(Other Names: Central Thick-tailed Rock Rat, MacDonnell Range Rock Rat, MacDonnell Rat, Rat à Grosse Queue, Rata Coligorda)
Zyzomys pedunculatus (Laomys pedunculatus)
Status: Critically Endangered
1. Profile (Picture)
The central rock rat is a medium-sized rodent that weighs 70 - 120 g (2.5 - 4.3 oz). Adults are stocky with thick fur that is yellowish-brown on the upper body and cream or white below. Rock rats can be distinguished from rodents of other genera by their characteristically thickened tails. The central rock rat utilizes a range of habitats from tussock and hummock grasslands to low open woodland on ridge tops, cliffs, scree slopes, hills and valley floors. Its diet consists primarily of the seeds of shrubs, forbs and grasses, with leaves, fern sporangia and insects being consumed in smaller quantities. The central rock rat is believed to be nocturnal.
The central rock rat is endemic to the
arid southern portion of Australia’s
Northern Territory. It was first scientifically described in 1896. No records
had been obtained between 1970 and 1995, but it was rediscovered in 1996 and is now known from 14 sites scattered
over a 77 km (48 mi) length of the MacDonnell Ranges west of Alice Springs. The
full range of its current distribution is unknown. There is concern over the
status of the central rock rat because its populations are fragmented and its density is
low. No specific threats have been identified to date.
*** Despite the central rock rat having been first described over 100 years ago, almost nothing is known about its life history or ecology (Cole 2000).
*** Rock rats are known to lose their tails, fur and skin very easily and are, therefore, difficult to handle (Cole 2000).
*** Characterizing the conservation status of the central rock rat is difficult because it is similar to other arid zone rodents in undergoing dramatic population fluctuations in response to climatic conditions. For example, the species is now the most frequently trapped small mammal at some sites around Ormiston Gorge although it was not recorded there during 1991 - 1993 despite over 20,000 trap-nights of effort. (Pavey 2002)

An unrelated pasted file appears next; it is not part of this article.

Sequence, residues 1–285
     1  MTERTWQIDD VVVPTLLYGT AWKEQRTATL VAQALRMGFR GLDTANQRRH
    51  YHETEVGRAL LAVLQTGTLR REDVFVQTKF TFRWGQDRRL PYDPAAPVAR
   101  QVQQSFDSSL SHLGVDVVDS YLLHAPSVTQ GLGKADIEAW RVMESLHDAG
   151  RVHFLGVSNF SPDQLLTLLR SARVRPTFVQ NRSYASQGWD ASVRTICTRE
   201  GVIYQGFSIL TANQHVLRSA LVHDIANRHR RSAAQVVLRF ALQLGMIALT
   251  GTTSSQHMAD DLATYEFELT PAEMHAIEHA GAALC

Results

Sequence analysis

*** Although there are 3 other species of rock rats in Australia, central rock rats are the only arid zone species. The others mainly occur in tropical northern Australia. Therefore it is questionable as to whether what is known about the other species can be applied to the central rock rat. (Threat. Spec. Network 1999)
The central rock rat is endemic to the southern portion of Australia’s Northern Territory. It was first scientifically described in 1896. Between 1896 and 1960, specimens were recorded at a handful of locations. No records were obtained between 1970 and 1995, and the species was presumed to be extinct. However, it was rediscovered in 1996 and is now known from 14 sites scattered over a 77 km (mi) length of the MacDonnell Ranges west of Alice Springs. The full range of the current distribution of the species is unknown. (Cole 2000, Pavey 2002)
Locations where the central rock rat has been recorded include Uluru - Kata Tjuta (Ayers Rock - the Olgas) National Park, West MacDonnell Ranges, The Granites (Tanami Desert), James Range, Alice Springs, Napperby Hills, and Davenport Range. (Cole 2000, Pavey 2002)
There is concern over the status of the central rock rat because its populations are fragmented and its density is low (Cole 2000). No specific threats have been identified, and at present these are difficult to identify because the species is currently colonizing areas that it may formerly have occupied. However, among the potential threats are predation by dingos, inappropriate fire regimes, and habitat degradation as a result of grazing by feral herbivores, particularly horses. (Pavey 2002)
Size and Weight:
Arkive, Aust. Fauna.com, Burton & Pearson 1987, Cole 2000, IUCN 1994, IUCN 1996, IUCN 2000, IUCN 2003a, IUCN 2004, Lidicker 1989, Nowak 1999, Nowak & Paradiso 1983, Oryx 1997g, Pavey 2002, Strahan 1995
Last modified: June 2, 2005;